In an effort to grow its subscription base, The Philadelphia Inquirer’s marketing team has focused on developing new audiences rather than primarily targeting existing readers, writes Hayley Slusser. Darya Ushakova, the company’s vice president of marketing, who laid out the strategy at the International News Media Association’s recent Media Subscription Summit, explained that it involved getting buy-in from throughout the organization and restructuring the marketing team by bringing in experts in audience development and designating a team member to lead every stage of the funnel. “You’re expanding the people who come to your site, you’re expanding the people who engage with your site, the people who are going to convert, and your loyal readers,” she said. 


Free the Freela ensures work benefits for freelancers in Latin America (International Journalists’ Network) 

Over the past few years, working professionals in Latin America have increasingly taken up freelance work, writes Laís Martins. But often the autonomy associated with working independently means working without traditional employee benefits like paid maternity leave and vacation. Now, with every three in 10 Brazilians self-employed, Sarah Lucena, an entrepreneur from Brazil, launched Free the Freela, a startup that aims to provide “safer, fairer, more sustainable” work conditions for freelancers in the region. Founded in 2020, the platform provides a marketplace where freelancers can connect with prospective clients, who pay an extra 10% toward funding freelancer benefits. Freelancers who complete a minimum of 12 contracts through the platform within six months are eligible for benefits.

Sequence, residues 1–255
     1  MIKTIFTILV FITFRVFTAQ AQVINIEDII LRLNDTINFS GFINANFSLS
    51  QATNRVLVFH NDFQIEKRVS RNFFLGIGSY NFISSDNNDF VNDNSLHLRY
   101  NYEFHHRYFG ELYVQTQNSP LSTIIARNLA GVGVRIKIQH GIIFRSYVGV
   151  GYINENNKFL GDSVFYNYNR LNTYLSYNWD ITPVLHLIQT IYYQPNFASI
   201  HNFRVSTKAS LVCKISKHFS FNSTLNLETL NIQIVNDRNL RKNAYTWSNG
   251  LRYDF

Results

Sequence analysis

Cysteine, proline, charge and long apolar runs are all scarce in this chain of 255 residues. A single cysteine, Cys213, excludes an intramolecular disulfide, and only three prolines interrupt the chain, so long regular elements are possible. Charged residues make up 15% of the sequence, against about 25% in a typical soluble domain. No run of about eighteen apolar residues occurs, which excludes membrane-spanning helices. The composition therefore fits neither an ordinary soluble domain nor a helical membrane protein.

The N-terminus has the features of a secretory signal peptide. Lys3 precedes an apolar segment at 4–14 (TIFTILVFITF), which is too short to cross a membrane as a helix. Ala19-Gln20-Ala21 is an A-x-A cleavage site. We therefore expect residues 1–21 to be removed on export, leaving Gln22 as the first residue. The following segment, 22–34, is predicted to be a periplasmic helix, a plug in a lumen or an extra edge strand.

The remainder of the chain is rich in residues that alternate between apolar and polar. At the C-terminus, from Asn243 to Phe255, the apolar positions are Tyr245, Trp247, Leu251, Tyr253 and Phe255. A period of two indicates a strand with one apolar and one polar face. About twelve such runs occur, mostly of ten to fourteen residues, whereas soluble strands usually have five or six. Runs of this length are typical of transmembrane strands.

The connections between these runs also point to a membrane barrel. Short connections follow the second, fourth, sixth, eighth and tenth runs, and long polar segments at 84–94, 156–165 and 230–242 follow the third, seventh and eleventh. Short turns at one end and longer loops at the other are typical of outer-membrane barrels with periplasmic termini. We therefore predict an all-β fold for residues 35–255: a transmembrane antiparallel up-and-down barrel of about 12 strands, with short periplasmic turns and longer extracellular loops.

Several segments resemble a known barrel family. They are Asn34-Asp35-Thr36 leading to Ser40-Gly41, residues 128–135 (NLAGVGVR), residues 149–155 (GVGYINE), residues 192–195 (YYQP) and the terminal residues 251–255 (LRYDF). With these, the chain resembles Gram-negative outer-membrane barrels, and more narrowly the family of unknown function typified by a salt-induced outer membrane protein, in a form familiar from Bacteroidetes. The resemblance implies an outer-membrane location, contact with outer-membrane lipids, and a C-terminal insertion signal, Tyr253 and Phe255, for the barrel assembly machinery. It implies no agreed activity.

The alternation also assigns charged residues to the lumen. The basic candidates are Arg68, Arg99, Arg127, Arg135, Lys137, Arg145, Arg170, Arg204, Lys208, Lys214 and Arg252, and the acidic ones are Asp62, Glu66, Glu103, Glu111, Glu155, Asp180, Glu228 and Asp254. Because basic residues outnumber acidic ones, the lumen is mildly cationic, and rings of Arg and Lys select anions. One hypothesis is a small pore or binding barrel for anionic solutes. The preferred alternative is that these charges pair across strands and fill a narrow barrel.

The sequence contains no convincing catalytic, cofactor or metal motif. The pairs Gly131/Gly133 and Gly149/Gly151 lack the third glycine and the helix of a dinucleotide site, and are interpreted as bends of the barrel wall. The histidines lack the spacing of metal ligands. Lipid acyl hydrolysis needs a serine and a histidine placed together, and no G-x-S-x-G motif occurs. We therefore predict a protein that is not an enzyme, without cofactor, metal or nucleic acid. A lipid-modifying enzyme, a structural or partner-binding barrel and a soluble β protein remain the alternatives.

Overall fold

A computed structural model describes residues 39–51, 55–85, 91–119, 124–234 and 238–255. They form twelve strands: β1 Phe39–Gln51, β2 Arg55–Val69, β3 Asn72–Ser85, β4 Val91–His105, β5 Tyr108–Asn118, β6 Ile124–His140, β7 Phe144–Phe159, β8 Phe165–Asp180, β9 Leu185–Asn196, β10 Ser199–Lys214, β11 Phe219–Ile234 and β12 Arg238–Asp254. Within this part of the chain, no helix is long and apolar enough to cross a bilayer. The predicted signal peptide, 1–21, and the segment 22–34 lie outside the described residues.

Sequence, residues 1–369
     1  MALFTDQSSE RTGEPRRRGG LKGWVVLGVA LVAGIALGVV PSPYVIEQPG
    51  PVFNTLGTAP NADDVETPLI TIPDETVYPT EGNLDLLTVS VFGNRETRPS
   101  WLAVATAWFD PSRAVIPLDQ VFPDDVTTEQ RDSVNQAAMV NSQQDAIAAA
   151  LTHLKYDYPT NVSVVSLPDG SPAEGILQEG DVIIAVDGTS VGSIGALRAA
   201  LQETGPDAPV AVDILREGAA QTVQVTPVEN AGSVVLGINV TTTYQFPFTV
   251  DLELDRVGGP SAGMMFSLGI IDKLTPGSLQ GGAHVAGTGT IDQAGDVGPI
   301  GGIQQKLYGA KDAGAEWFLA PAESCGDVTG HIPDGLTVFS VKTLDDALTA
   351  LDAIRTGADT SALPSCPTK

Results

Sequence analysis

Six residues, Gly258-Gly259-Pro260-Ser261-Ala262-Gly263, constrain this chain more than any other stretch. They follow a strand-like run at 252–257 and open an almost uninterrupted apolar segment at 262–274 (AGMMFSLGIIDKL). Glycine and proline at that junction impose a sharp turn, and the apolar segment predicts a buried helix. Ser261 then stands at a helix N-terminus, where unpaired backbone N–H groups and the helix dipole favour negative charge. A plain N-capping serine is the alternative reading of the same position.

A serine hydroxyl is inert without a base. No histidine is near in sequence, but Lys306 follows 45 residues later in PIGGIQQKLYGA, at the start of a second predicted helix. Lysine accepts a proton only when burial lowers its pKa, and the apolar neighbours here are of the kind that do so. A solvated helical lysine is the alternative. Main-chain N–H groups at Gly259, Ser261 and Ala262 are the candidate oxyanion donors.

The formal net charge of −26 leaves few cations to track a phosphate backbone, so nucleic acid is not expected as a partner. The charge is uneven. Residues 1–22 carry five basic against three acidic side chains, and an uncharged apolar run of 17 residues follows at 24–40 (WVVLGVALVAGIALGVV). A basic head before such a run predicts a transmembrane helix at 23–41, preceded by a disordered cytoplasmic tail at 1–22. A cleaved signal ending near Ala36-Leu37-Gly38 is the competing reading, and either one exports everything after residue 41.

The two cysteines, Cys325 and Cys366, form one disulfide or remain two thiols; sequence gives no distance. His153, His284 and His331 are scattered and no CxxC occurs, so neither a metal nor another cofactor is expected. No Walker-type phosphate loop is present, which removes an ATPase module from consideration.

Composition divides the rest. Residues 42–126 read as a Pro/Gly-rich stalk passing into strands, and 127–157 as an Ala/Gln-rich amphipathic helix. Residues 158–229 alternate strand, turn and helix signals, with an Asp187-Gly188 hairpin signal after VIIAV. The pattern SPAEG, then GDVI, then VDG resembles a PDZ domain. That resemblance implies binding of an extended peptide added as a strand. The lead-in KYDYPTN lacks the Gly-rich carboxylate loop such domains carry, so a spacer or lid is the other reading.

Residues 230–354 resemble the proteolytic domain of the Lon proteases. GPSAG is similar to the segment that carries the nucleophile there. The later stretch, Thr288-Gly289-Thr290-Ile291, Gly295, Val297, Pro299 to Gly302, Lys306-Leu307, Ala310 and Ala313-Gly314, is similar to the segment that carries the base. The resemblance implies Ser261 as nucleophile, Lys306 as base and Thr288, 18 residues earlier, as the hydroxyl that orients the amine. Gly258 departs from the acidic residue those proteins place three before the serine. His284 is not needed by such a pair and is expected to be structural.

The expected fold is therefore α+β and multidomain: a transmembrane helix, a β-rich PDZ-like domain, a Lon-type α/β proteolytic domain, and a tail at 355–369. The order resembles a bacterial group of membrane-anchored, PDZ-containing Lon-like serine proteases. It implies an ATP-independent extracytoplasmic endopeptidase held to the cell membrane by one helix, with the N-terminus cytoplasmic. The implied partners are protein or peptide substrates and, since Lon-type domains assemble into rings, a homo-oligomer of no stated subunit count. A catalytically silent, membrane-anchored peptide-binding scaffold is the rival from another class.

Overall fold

A new podcast opens portals into queer history (In These Times) 

The creators of the podcast “Unboxing Queer History” take listeners “portal diving” as they uncover personal stories about Chicago’s LGBTQ history and culture from the Gerber/Hart Library and Archives, which houses the largest collection of life in the queer community in the Midwest. “We can read and watch movies about Stonewall all we want — but that is not the center of our history. It is our daily lives. Archives illustrate that,” podcast producer Ariel Mejia told Isabel Carter. Many of the episodes highlight a particular collection from the archive, including stories about a beloved drag performer and a now-closed bookstore that was “one of the only places where LGBTQ Chicagoans could find themselves reflected in media.”